Once I left the little pity party I threw for myself, I decided to rest my knee for at least the next few days, ice it daily, and bike for cardio. Monday and Tuesday I did about 30 minutes of spin followed by a BBG workout. Wednesday I rode a little longer– 55 minutes– and Thursday was my rest day. I decided to try a short run on Friday, just to see how it felt. I was skeptical that my knee had healed, but I ended up being able to do 3 miles on the treadmill with no pain. Excited that the half marathon, now just 8 days away, would indeed be doable, I decided to go for the 12-mile long run scheduled for the next day.
I woke up a little nervous but mostly excited to run outside after almost a weeklong hiatus. I made sure to start out super slow– the first two miles took me over 10 minutes/mile– to ensure that my knees could carry me through the entire 12 mile run. The miles clicked by and before I knew it I had passed mile 8, the point I was dreading since this was when my knee began to hurt the week before. A few more miles passed, and I was still feeling good. Then, around mile 10, I felt a little jolt of pain shoot up my knee.
Crap! I thought to myself. It’s coming back… I gotta slow down and pay more attention to my stride. So I slowed down, took shorter strides, and the pain subsided. The jolt came back once more around mile 11, but again immediately disappeared once I fixed my stride. I finished my run in 1 hour 55 minutes 29 seconds (9:35 min/mile), a slow but completely acceptable pace.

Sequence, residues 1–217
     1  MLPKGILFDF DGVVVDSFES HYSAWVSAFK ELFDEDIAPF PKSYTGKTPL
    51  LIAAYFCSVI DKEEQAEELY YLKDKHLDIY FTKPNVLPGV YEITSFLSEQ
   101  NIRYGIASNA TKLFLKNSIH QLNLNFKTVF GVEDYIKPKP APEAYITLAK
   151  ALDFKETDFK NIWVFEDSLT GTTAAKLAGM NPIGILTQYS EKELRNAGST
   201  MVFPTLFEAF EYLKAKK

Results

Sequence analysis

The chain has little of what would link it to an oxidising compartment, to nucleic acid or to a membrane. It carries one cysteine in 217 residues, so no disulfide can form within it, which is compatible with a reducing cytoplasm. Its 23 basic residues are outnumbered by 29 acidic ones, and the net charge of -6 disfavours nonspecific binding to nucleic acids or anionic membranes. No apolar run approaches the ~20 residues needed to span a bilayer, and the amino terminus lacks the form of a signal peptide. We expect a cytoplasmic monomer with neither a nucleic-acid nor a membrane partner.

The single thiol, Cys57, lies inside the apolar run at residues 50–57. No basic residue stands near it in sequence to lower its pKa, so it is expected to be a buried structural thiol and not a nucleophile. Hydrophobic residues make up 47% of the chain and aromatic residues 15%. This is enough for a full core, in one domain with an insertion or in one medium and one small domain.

Knowing I would be able to compete in the race I had long been preparing for, I finished the run happy and relieved.
The truth is, injuries are inevitable for me. I haven’t quite accepted that reality yet; every time a new pain arises I immediately panic and doubt my running abilities. I know there are many things I can control to make me less injury-prone, like fixing my cadence/stride, experimenting with different shoes, and strength training. However, until I find the right combination of the best shoes, technique, and strength, I need to change my approach to any pain that emerges during training. I want to develop less of a panicked reaction and focus more on tactics and positivity. Maybe the pain is my body’s way of telling me something (like training too hard, needing some recovery time), maybe it’s a time to find the points of tension in my body, or perhaps it’s a time to strengthen key muscle groups. Injuries are negative for sure, but they can also bring out positive changes and revelations. I want to dwell less on the bad and concentrate more on implementing actionable and useful solutions.